This is all very rambling, and probably not at all interesting to people who don’t knit (and barely, I’m sure, to even those who do).  I suppose I was feeling down and wanted to write about it and share and ask for feedback.  What do you do to get back on track with your crafty endeavors when you have a setback?  How do you keep yourself motivated when your results are less than you’d hoped for?  And what are you all working on right now, anyhow?  Talk to me about your successes and failures and how you move forward to do more.

 

Currently…

Currently…

…Digging into Tenebrous Kate’s Forever Doomed ‘zine, a “tongue-in-cheek but loving look at the theme of doom” and which includes new essays and comics such as “Erotic Rites of the Nazgûl” and ‘Adventures at Maryland Deathfest” (both of which I am very keen to read!) If you enjoy Kate’s blog, which touches on all things dark, fantastical and forbidden, you’d do well to pick up a copy for yourself while they last.

 

…Sniffing my way through Black Phoenix Alchemy Lab’s 2014 Yule offerings. I really wanted to love Practical Occultism (“A Victorian occultist’s incense, invoking the Four Archangels: precious wildcrafted Indian frankincense with myrrh, cassia, sandarac, palmarosa, white sage, red sandalwood, elemi, and drops of star anise bound with grains of kyphi.”) But I think my favorite thus far is Chionophobia (“Fear of Snow: A suffocating, oppressive white shroud: a fragrance heavy with ice, strangled by damp oakmoss, artemisia, and muguet.”).  It’s a lightly mossy, white musk that reminds me of being 15 years old and waiting at 6AM on a cold, damp morning for my ride to school.  That’s not exactly a pleasant memory, and I loathed school, but it’s still a nice scent!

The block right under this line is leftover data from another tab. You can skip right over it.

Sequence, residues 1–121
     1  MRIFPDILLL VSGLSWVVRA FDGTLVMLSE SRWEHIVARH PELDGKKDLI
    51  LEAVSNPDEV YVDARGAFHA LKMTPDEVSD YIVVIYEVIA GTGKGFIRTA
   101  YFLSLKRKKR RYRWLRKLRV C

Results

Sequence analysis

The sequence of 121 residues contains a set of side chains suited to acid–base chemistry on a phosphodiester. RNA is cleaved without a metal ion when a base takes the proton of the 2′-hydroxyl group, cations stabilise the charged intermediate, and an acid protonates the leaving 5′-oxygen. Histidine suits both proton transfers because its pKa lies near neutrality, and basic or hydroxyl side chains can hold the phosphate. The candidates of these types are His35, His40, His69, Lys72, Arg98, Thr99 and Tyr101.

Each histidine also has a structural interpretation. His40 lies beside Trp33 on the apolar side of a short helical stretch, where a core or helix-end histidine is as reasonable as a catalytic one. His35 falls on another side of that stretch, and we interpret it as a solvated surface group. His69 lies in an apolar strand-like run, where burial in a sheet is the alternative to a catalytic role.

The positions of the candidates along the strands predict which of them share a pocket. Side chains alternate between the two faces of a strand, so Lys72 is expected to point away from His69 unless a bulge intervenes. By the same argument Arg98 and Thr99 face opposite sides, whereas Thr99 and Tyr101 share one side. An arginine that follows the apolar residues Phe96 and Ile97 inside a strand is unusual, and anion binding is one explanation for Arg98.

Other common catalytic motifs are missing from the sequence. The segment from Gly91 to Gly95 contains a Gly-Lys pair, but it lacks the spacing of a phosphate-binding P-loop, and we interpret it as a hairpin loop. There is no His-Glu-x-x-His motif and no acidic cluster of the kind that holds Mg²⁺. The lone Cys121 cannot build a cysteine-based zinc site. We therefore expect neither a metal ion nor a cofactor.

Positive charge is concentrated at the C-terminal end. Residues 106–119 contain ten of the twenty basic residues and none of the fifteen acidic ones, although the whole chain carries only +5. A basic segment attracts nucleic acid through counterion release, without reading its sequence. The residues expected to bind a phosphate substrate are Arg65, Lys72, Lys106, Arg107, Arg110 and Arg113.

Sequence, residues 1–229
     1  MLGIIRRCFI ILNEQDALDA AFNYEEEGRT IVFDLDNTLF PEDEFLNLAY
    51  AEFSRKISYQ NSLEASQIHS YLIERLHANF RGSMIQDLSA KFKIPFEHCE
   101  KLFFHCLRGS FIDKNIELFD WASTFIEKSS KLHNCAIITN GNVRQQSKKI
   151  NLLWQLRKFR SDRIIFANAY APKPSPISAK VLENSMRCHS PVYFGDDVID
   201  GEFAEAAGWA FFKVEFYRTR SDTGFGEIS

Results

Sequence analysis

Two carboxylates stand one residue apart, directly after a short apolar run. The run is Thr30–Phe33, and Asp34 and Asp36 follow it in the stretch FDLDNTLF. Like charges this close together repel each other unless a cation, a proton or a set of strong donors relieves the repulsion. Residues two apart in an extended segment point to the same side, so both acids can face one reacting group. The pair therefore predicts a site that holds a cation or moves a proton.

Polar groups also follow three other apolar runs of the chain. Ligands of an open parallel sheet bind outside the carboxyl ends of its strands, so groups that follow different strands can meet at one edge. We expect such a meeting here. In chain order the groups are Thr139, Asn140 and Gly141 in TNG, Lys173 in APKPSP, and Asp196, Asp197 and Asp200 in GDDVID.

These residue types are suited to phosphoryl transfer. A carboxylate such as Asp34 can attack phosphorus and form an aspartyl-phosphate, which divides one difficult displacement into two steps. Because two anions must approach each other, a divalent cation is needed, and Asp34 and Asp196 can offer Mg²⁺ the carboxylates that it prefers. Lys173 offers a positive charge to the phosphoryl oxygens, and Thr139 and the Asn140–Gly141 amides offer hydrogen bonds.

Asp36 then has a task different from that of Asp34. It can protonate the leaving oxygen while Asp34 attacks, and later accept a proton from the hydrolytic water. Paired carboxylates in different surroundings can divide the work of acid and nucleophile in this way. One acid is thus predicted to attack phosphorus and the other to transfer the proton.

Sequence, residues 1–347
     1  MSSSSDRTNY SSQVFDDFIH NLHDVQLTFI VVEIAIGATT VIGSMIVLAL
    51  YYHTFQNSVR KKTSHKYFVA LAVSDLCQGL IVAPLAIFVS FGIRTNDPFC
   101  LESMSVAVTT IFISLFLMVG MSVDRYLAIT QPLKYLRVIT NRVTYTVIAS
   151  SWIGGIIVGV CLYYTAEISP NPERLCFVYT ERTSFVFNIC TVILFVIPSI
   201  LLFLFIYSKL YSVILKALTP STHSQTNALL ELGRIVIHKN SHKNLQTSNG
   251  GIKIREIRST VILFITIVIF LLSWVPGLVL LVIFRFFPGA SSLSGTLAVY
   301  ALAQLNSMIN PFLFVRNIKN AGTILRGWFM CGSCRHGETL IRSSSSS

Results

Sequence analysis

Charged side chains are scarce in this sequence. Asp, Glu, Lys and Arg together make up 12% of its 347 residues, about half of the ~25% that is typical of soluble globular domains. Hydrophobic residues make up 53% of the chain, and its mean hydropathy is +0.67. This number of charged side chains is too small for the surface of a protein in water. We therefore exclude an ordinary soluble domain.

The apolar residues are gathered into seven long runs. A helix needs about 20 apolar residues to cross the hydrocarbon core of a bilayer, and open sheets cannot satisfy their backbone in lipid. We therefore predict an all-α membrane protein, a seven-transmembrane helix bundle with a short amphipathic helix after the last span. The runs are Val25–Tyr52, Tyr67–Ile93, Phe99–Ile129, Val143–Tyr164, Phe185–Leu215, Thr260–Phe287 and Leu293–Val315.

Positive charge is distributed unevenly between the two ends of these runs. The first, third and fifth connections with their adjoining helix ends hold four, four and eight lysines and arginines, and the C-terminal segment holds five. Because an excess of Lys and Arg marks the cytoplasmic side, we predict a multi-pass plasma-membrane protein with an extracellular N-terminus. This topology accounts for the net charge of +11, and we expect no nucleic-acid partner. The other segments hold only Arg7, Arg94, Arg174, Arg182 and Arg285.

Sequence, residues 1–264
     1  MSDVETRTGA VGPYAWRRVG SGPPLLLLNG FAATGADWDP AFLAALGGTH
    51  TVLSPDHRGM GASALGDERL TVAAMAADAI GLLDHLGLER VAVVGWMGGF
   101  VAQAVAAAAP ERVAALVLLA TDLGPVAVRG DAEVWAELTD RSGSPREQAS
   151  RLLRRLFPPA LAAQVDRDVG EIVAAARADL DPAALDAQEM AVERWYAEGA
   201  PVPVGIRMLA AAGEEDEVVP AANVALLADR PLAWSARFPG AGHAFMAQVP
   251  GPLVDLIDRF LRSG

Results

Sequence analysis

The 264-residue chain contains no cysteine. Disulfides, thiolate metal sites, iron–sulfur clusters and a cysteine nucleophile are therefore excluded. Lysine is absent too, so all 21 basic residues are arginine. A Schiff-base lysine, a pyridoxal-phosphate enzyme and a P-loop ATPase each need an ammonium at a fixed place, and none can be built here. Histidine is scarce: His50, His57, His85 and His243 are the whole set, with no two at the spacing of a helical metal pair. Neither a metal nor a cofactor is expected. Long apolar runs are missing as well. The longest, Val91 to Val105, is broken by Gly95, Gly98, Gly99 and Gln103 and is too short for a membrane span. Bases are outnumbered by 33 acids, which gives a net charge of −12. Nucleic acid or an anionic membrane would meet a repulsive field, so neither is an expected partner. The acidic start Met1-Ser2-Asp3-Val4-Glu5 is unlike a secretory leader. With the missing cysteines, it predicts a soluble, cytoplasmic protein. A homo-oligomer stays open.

Knitting a leftovers blanket.  I’ve years and years worth of little bits and bobs of sock yarn, the amounts that were leftover from a pair of socks and that did not add up to enough to do anything useful or interesting with.  I recently stumbled upon this blanket using up these leftover bits as wee mitered squares and became inspired to do the same myself.
Knitters –  I have a favor to ask, and I don’t normally ask for favors, so I hope you will indulge me. Do you have any leftover sock yarn that you know you are never going to do anything with? I’d love to incorporate it into the leftovers blanket that I am currently working on. It would also be neat to have little pieces of friendly, generous folks knit into this thing. Er, well. That’s a little creepy. Which is just perfect for me! Do let me know! I know I am asking you to drop something in the mail, which costs a bit of postage, so I understand if it’s not something you are able to do. But if you are…I would really appreciate it, and it would make the project extra meaningful.  Drop me a note at mlleghoul AT gmail dot com if you are interested in helping out.